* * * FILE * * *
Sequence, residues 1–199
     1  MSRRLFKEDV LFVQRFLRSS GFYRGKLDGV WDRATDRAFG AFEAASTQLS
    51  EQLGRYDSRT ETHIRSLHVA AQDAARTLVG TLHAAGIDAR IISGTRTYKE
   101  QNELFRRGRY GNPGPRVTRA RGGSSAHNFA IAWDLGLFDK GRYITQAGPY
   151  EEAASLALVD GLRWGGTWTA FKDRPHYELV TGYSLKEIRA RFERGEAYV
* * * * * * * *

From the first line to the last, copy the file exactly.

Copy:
Sequence, residues 1–199
     1  MSRRLFKEDV LFVQRFLRSS GFYRGKLDGV WDRATDRAFG AFEAASTQLS
    51  EQLGRYDSRT ETHIRSLHVA AQDAARTLVG TLHAAGIDAR IISGTRTYKE
   101  QNELFRRGRY GNPGPRVTRA RGGSSAHNFA IAWDLGLFDK GRYITQAGPY
   151  EEAASLALVD GLRWGGTWTA FKDRPHYELV TGYSLKEIRA RFERGEAYV